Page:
Wayde van Niekerk excited to face ‘uncomfortable situations’ in US after easy 200m semi-final
CAPE TOWN – Wayde van Niekerk says his imminent move to the United States is about being “associated with champions” as he chases a new 400m world record in defence of his Olympic title.
The 28-year-old had an easy time of it on the second day of the South African athletics championships at the Tuks Stadium in Pretoria on Friday, where he was able to cruise from his heat into the semi-final, where it was another relaxed run to reach Saturday’s final.
Van Niekerk opened up with a time of 20.60 seconds in the morning, and upped the ante slightly on a warm afternoon to win his semi-final in 20.38 – the quickest of all the final qualifiers – as he ran a strong bend and maintained his pace in the home straight to beat former world championship bronze medallist Anaso Jobodwana into second place (20.89).
Talking about qualifying, SA 200m record-holder Clarence Munyai almost didn’t make it to the Saturday evening decider (6.35pm) after slowing down considerably close to the finish line in his semi-final.
The 23-year-old Gauteng North athlete, whose national mark stands at an incredible 19.69, ended in third with 21.03, with only the top two finishers gaining automatic qualification.
He would’ve had an anxious few minutes as he waited for the third semi-final to be run, and after officials checked all three races, Munyai scraped through to the final as one of the ‘fastest losers’ by just 0.01 seconds, with the next best being Vuyo Moss in 21.04.
For Van Niekerk, though, it was another important outing as he plots the path to breaking his 400m world record of 43.03 seconds and gold at the Tokyo Olympics.
“I am happy with how the year has been thus far. It has definitely been a positive direction, and I can just use this as a confidence boost to take with me for this season. My goal is towards the European season, and making sure I do well at the Olympic Games. This is an amazing opportunity as a stepping stone to get myself back on to the track, to get to where I should be,” the Free State athlete told BackTrack Sports after the race.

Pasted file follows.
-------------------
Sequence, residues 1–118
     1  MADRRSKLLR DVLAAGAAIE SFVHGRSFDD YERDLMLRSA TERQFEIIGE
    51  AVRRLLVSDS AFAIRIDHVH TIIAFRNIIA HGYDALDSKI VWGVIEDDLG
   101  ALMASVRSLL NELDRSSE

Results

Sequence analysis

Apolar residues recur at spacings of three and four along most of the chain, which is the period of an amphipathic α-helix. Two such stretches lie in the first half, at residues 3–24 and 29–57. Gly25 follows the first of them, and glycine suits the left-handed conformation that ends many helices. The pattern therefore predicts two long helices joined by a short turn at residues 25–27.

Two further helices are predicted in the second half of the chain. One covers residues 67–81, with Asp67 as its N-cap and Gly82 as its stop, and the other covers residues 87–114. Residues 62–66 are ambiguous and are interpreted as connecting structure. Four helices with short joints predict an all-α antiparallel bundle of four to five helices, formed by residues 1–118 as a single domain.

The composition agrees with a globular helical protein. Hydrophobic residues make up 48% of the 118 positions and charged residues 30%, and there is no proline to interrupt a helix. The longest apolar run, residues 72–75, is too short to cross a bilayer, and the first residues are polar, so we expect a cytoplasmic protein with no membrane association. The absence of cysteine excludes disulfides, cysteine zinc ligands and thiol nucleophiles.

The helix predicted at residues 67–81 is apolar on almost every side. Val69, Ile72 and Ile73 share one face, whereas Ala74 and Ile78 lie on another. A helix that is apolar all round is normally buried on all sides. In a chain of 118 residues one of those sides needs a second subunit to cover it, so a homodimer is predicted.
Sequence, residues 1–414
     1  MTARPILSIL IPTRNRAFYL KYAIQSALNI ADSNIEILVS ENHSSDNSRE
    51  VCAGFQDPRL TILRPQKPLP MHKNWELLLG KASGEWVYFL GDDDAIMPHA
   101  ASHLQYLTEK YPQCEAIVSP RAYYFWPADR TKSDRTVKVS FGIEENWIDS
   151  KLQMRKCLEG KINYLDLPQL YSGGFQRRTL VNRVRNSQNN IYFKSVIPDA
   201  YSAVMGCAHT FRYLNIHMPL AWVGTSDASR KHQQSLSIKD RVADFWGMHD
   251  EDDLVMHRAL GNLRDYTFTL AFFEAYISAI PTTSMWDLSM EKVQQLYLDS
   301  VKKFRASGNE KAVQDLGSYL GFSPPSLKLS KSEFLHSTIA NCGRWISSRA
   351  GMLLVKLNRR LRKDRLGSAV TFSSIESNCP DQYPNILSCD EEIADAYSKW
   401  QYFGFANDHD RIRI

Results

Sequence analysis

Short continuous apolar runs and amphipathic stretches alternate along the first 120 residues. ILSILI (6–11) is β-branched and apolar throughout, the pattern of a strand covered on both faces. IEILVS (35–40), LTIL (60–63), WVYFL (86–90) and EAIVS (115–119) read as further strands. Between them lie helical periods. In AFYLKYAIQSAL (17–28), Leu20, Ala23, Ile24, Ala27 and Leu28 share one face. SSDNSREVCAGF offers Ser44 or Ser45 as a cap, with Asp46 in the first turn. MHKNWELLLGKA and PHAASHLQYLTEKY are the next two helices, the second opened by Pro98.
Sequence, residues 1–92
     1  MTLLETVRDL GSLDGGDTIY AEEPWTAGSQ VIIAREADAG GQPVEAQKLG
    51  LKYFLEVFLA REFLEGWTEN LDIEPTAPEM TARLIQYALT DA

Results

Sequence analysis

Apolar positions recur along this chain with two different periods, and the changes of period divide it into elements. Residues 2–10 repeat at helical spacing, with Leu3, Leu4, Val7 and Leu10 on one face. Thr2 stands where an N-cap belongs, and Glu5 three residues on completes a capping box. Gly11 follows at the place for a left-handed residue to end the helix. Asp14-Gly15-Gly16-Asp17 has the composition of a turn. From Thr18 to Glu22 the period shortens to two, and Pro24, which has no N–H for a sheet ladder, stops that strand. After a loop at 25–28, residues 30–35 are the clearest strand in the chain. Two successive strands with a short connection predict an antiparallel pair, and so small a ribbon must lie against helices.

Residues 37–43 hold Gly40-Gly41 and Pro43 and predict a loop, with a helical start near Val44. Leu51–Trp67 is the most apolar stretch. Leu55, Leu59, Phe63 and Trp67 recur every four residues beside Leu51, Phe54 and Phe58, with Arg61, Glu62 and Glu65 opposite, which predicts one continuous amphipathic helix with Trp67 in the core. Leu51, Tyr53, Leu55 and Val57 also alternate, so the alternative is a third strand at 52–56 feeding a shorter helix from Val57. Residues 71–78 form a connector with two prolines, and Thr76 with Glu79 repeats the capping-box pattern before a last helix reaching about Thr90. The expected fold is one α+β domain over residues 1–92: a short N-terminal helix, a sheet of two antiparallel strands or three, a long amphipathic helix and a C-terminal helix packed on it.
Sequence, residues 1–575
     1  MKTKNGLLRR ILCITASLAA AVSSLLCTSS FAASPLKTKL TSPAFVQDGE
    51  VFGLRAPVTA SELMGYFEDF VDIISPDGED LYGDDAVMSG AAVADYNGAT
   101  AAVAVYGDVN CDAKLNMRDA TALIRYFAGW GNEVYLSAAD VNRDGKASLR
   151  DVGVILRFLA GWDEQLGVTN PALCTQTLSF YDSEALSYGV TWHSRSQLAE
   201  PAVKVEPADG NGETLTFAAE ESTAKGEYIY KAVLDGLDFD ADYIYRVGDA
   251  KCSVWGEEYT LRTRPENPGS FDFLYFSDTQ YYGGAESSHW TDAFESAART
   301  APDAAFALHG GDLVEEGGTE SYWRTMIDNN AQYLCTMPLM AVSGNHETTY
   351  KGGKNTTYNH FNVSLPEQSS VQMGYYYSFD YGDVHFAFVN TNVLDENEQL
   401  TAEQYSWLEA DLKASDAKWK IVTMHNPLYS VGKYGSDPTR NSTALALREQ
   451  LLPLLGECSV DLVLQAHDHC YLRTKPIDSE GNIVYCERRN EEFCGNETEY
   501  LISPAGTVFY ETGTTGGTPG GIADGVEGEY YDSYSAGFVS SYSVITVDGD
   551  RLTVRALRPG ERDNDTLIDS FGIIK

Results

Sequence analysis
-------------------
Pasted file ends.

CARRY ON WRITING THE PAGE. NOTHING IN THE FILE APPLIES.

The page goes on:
“(Handling pressure) It is definitely a reality in my life right now – I can’t try and avoid it. But if you look at my performances right now… that is why I am exposing myself right now to such quality fields.
“Just using that to improve myself and by the time I get to the European stages, I will start challenging myself against those guys.”
Van Niekerk is awaiting his passport and visa from US authorities, where he will be based in Florida as part of the training group of 200m world champion Noah Lyles, and new coach Lance Brauman.
With the first Diamond League meeting scheduled for May 23 in Gateshead, England – the next six weeks should give Van Niekerk enough time to sharpen his approach.
“The move that I am making to the US is one way I can now put myself and my body mentally and physically into a space where I am associated with champions – guys that are fighting for gold medals. That’s where my focus is right now: to make sure I get back to winning gold,” he said.
“I will be training with guys who are out there to break records, to win gold medals, and it’s a place that I want to be associated with. I want to challenge myself, and be put in uncomfortable situations where I can push my body and my mind to where I haven’t been before. This is the perfect time to make sure a move.”